Groundbreaking fashion designer gets acclaim, again

Debra Scala-Giokas features Claire McCardell in children’s books

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Debra Scala-Giokas features Claire McCardell in children’s books

By LINDA LEUZZI

If ballet flats and coordinated separates are your thing, thank Claire McCardell, the visionary designer who made it possible for women to dress that way in comfortable, stylish, affordable clothes. Utilizing large pockets, denim fabric, calico, corduroy, trousers and wrap dresses, her designs thrived, especially during the 1940s, when luxurious fabrics and clothing devices like zippers were hard to come by due to World War II rationing. What emerged from McCardell was the “American Look”; the young designer was smack in the middle of a country experiencing feminine athleticism and women streaming into the workforce, and she reflected the era in her fashions. In 1932, at age 27, she had already become head designer of Townley Frocks and was a hit well into the 1950s. (McCardell died in 1958 from colon cancer.)

While McCardell influenced many well-known designers in the current fashion world, outside those circles, she’s relatively unknown. Sayville resident Debra Scala-Giokas is hoping to change that with her children’s books, “Claire: The Little Girl Who Climbed to the Top and Changed the Way Women Dress,” and its companion, “Claire’s Closet: A Coloring Book.” Scala-Giokas collaborated with illustrator Mary Ryan Reeves on both books.

The McCardell books couldn’t debut at a better time. The Frederick Art Club, located in Frederick, Md., where McCardell grew up, is about to unveil a larger-than-life bronze statue of McCardell on Sunday, Oct. 17 at 2 p.m. Scala-Giokas tapped them in her research forays.

“There was a 2018 New York Times article about the exhibition ‘Heavenly Bodies: Fashion in Catholic Imagination’ in the Metropolitan Museum of Art that included Claire McCardell and her monastic dress [an unstructured garment that could be self-styled with a belt or sash]. And that’s how it started,” she said. “I began really to research her. Then I came across the Frederick Art Club working on the statue of Claire McCardell, breaking the bronze ceiling, and started writing the book. Think of it. Most statues are of men.”

Scala-Giokas, a marketing director at Certilman Balin Adler & Hyman LLP, wanted to write a children’s book for years. Her author steps began in 2017 when she took some vacation time and signed up for a weeklong Stony Brook Southampton Writer’s Conference picture book writing course taught by Emma Walton Hamilton, a best-selling children’s author, editor, arts educator, and arts and literacy advocate. The challenge: Write a children’s book in 600 words or less.

“We went every day for several hours and took seminars with other writers,” she added. “Some people stay over; you talk to other writers. I came home and did the homework. It was tiring but very exhilarating, and gives you a shot of inspiration.”

But first things first.

“I spent a lot of time in the Sayville Library just reading picture books because there’s a certain format. And I wanted to just get an idea about their style and innovation. I like to write non-fiction,” explained Scala-Giokas of the process. “But you have to read so much stuff and then condense it for a kid to get them interested in it.”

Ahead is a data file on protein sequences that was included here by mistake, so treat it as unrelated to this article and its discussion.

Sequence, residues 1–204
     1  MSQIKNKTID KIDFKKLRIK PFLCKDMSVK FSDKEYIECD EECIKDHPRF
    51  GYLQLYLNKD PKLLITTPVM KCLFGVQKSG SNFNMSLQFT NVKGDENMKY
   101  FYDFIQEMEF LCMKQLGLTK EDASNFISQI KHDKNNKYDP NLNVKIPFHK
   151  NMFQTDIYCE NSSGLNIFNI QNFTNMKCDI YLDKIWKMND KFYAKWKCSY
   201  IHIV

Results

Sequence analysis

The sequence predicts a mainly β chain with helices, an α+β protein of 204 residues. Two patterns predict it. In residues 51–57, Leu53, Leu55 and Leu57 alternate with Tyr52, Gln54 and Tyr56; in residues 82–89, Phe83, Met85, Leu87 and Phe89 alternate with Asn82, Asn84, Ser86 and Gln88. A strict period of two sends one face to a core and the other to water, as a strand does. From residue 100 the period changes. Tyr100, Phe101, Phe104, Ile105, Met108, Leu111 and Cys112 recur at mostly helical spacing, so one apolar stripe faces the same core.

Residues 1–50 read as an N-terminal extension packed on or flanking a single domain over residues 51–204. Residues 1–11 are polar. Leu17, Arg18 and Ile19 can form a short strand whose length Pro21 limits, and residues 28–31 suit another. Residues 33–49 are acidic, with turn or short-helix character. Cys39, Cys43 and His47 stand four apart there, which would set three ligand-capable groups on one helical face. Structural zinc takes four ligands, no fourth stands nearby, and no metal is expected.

Scala-Giokas also joined the Society of Children’s Book Writers and Illustrators.

But it was the New York Times article that gave Scala-Giokas her focus. And The Frederick Art Club, which connected her with Reeves, a retired art teacher.  Reeves graduated from Hood College, which McCardell attended, and sits on the Frederick Art Club committee for the McCardell statue.

McCardell learned sewing and garment construction from a family seamstress and developed a fashion sense at an early age, deconstructing her brothers’ clothing as a way to make comfortable play clothes for herself. She wanted to become a designer early on. After acquiescing to her father’s wish to attend the local Hood College, which she did for two years, he relented, and McCardell enrolled in what became Parsons School of Design to study costume illustration and construction.

“I think I had the manuscript done in 2019,” said Scala-Giokas. “It sat in my drawer for a while and then I came across the statue project and reached out. I met Mary [Ryan Reeves] through them and in July of 2020, we started; it was nine months of going back and forth by email.” Reeves incorporated famous McCardell fashions, including the kitchen dinner dress and matching apron.

The books trace how fashion has changed. Also, “Claire started cutting out pieces of magazines to mix-and-match fashions like early paper dolls; it’s featured in the books. So we have a paper doll-aspect in them,” she said.

They were published in May of 2021 via IngramSpark Self-Publishing. “I did the design and layout, and uploaded it through them.” Scala-Giokas said. “They’re distributed through Walmart and Target. When I was doing it, I was enjoying Mary’s illustrations so much.”

The books have been written up in Women’s Wear Daily and Threads.

“What intrigued me was that Claire was ahead of her time,” Scala-Giokas said.

“She had three brothers; she played with them and wanted to wear comfortable clothes. So she made her own. In the high-fashion world, everyone knows her. Donna Karan, Michael Kors and Diane von Furstenberg all credit Claire; she influenced a lot of designers. In Maryland, they know her, but not many here.”

That will change now. To order “Claire: The Little Girl Who Climbed to the Top and Changed the Way Women Dress” and its companion, “Claire’s Closet: A Coloring Book,” click on Debra Scala-Giokas’s website, www.debrascalagiokas.com. 

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